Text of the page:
Most of what is said about art relates to what art is, or what it means, or how to do it. Often we think in terms of art in exhibits, at museums, in public places or posted online.
But seldom do we talk about the art we live with and what it does for us. In our homes and workplaces, art that is fresh and fascinating can stimulate our brain cells. It can make us feel better about ourselves. Art that is confident and lyrical—rather than timid and overworked—can make us more optimistic about finding pathways through life’s impediments.
Most of what we need to know about life is learned through experience. Some people learn more from experience than others. Why is that?
Artists develop the habit of standing back from their work to study it from different viewpoints. Likewise, we gain fresh perspective on life by standing back to view our experiences.
The artist’s palette can be seen as a symbol of blended elements and unscripted possibilities. Artists develop their strengths through a blend of practice, experiment and observation.
In addition to acquiring technical skills, artists “feel their way” forward by “sizing up” situations and sensing what to do next. Solutions emerge through a process of trial and error: this works, that didn’t work so well.
Artists tend to be lifelong learners. Lifelong learning is about continuing to grow as a person, in addition to acquiring technical skills. This pursuit requires both formal and informal learning.
Formal learning is best for conveying technical knowledge, when we must depend on instructors to tell us what matters most and what we need to know.
By contrast, habits of mind involving perception and judgment and are absorbed informally through experience. Informal learning is an organic, natural way to grow—which is generally how artists develop their talents. Artists are purpose-driven. They formally acquire some technical skills, then learn by doing. They see their whole world as offering potential takeaways.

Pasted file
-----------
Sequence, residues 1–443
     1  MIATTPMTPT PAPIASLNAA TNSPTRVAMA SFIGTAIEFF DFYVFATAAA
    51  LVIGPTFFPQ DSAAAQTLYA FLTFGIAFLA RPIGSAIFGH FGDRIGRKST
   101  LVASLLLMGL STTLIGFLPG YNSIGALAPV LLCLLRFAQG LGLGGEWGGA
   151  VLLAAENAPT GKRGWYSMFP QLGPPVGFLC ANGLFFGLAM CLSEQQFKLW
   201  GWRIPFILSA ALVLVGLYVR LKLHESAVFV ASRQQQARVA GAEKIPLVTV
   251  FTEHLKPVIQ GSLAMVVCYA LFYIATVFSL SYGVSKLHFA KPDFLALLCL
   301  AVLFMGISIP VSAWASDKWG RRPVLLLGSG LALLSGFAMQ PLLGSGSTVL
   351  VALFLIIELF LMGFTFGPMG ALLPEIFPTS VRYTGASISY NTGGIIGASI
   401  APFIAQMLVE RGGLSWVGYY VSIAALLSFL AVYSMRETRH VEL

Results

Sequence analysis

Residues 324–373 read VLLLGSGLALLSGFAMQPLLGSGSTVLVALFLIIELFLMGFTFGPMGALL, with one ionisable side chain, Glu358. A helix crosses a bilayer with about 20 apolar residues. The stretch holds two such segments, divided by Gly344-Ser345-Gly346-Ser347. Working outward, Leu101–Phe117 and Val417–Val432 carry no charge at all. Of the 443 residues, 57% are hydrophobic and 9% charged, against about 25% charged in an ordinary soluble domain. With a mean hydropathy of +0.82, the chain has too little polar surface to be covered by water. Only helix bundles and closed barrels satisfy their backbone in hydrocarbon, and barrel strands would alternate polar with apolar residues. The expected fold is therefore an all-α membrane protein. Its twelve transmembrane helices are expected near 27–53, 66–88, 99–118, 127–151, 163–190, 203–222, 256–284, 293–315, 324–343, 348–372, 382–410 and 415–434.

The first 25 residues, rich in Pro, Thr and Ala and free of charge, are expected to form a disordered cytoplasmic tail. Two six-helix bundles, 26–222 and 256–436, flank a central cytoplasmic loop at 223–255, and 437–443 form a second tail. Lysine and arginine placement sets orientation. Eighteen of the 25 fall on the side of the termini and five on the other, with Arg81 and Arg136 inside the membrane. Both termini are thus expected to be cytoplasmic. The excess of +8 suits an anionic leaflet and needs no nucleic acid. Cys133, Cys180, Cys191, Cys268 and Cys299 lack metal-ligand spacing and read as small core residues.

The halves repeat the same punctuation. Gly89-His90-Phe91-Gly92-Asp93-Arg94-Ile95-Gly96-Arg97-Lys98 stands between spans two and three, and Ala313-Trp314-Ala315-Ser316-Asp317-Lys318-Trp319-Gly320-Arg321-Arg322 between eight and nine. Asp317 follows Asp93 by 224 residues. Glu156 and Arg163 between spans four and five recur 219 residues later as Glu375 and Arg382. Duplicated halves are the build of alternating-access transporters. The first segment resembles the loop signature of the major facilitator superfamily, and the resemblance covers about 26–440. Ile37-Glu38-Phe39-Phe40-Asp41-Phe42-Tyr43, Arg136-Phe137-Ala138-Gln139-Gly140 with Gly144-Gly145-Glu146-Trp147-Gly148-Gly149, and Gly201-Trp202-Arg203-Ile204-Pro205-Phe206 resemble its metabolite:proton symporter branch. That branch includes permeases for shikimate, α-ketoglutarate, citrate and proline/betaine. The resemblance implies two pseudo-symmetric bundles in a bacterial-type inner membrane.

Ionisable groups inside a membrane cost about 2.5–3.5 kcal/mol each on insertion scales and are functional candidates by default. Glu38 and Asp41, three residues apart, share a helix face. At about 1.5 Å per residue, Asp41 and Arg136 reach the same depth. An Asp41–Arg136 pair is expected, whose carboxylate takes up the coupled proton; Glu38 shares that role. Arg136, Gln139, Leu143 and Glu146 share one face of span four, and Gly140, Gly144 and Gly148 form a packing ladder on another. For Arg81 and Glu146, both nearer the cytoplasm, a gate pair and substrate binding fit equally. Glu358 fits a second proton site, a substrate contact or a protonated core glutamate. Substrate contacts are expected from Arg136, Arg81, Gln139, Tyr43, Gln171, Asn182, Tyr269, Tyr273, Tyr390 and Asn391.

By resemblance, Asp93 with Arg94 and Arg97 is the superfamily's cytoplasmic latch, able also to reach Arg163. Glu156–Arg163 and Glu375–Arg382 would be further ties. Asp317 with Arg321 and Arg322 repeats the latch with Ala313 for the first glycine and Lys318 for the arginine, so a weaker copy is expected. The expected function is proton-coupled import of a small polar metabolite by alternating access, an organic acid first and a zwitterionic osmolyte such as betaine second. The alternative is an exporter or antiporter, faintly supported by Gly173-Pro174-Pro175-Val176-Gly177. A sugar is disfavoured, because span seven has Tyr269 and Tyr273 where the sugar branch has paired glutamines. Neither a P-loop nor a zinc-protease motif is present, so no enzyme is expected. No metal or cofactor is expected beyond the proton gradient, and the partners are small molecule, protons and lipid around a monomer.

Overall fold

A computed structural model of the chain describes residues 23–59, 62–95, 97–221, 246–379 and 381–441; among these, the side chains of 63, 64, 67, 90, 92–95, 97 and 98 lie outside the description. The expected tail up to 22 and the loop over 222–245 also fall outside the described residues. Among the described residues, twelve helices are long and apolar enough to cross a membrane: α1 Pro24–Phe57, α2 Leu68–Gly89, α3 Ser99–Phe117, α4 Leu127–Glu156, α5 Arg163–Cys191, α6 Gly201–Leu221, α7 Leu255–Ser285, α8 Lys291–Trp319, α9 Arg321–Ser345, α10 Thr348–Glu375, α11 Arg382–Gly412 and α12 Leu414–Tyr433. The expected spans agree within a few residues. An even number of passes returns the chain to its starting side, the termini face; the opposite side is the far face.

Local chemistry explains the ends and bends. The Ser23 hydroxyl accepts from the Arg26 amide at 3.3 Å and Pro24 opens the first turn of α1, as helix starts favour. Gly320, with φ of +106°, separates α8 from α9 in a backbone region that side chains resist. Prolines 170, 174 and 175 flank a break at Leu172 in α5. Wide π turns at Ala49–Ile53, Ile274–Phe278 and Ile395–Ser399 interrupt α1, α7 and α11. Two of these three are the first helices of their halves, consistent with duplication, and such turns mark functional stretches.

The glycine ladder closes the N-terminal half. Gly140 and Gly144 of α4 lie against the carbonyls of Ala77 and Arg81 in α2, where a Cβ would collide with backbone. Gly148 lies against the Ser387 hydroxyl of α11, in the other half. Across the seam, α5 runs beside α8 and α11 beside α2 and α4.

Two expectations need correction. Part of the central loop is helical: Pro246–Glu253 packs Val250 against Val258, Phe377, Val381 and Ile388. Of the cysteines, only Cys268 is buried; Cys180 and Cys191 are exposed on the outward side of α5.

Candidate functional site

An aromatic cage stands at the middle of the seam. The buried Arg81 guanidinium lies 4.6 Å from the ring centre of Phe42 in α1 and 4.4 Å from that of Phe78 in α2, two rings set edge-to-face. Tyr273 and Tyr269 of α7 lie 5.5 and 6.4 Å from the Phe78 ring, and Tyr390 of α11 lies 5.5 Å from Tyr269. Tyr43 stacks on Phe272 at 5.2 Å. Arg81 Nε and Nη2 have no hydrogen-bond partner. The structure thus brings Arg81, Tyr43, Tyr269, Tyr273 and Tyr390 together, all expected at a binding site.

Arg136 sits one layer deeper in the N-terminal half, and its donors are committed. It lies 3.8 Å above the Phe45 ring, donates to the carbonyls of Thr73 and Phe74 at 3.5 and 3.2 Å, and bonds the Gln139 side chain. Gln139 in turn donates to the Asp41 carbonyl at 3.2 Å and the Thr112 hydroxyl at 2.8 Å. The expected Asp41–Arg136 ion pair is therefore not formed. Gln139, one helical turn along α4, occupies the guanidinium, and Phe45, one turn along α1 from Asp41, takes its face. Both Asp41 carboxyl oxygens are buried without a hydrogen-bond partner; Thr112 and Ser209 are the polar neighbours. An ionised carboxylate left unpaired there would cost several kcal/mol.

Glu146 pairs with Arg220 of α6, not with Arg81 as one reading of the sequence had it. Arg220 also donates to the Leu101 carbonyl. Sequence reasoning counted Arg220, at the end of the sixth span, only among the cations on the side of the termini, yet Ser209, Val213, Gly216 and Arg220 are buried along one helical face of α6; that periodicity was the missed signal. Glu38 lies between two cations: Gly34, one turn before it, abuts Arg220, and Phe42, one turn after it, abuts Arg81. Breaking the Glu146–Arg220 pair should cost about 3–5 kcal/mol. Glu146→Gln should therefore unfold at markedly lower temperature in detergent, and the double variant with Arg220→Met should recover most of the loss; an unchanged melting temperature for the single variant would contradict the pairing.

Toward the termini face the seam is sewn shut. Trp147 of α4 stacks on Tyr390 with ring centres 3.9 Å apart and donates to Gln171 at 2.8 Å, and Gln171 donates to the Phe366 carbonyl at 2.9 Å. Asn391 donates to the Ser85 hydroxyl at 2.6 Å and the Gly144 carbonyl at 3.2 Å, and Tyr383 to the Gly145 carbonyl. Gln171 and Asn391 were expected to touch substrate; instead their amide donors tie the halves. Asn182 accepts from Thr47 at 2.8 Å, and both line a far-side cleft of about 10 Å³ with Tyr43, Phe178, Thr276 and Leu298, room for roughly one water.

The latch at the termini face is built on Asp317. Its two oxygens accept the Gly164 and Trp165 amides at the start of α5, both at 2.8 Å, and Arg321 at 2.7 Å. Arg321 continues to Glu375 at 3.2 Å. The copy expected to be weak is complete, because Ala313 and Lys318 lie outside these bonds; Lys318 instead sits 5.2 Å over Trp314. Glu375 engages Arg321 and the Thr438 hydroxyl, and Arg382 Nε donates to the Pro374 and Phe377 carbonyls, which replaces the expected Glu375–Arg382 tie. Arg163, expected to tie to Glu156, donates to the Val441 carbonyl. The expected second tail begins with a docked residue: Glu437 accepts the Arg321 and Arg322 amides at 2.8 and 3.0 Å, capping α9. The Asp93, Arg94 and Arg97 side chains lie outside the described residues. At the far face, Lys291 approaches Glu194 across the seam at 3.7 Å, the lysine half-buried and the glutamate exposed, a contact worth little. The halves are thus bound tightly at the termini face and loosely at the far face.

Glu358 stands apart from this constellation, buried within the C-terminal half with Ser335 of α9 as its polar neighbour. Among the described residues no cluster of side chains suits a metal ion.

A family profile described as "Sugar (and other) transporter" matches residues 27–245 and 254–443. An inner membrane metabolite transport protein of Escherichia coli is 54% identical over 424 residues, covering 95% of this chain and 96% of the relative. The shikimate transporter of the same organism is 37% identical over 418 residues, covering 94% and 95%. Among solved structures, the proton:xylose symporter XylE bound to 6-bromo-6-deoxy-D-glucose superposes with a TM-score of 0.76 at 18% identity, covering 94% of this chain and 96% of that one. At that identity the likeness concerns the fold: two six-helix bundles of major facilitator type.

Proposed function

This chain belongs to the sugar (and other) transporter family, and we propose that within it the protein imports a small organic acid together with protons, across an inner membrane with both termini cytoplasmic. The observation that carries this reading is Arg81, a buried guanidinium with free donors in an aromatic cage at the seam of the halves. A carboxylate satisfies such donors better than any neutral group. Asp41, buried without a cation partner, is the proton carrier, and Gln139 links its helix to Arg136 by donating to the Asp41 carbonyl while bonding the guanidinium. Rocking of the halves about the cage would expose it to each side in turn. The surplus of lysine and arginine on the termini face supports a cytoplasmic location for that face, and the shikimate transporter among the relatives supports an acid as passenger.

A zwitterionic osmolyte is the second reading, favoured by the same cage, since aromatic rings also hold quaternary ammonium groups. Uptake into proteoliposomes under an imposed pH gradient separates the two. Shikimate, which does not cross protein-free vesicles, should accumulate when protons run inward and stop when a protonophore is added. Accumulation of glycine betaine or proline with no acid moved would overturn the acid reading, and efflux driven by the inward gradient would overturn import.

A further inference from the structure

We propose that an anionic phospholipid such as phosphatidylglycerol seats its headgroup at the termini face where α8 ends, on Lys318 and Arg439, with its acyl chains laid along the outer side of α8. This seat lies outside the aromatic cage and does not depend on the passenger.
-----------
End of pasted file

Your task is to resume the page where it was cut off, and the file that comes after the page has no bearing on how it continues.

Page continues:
Making the most of day-to-day learning opportunities is a crucial skill for the future. This involves being guided by purpose, learning in action and discovering our own takeaways. Social learning clubs can show us how to see more lessons in everyday life.
photo: Boston Public Library, sculptor: Bela Lyon Pratt, 1912
Artists are taught to observe things as they are, and to imagine what might be.
They learn to see more possibilities, more options, another way to do it.
Unlike professions rooted in precedent (law), generally accepted principles (accounting) or evidence (medicine), artists can’t rely on “proof” to guide their daily decisions. So they must get better at sizing up situations and sensing what to do.
The future will require less constricted thinking, seeing a better way, questioning options. The artists’ view encompasses these questions:
It’s time to question our assumptions about “lifelong learning.” What does the term mean? What could it mean?
As individuals in a complex pluralistic society, we need to pursue a bigger vision of lifelong learning. By learning how to learn from our own everyday social experiences—knowing what to look for in our interactions with others, and the lessons to extract—we can develop a habit of identifying more than chance, superficial takeaways. Over a lifetime, the practical daily wisdom we actively seek will continuously feed our development as a whole person.
You are not a kit of parts
Formal training courses—online or in-person—are the default prescription for lifelong learning. But disconnected doses of training over a fifty +/- year career will not be enough to thrive in the future. We cannot expect instructor-led courses to fill every gap in our knowledge: if we always expect others to identify our learning takeaways, we’re bound to miss a lot of life’s lessons.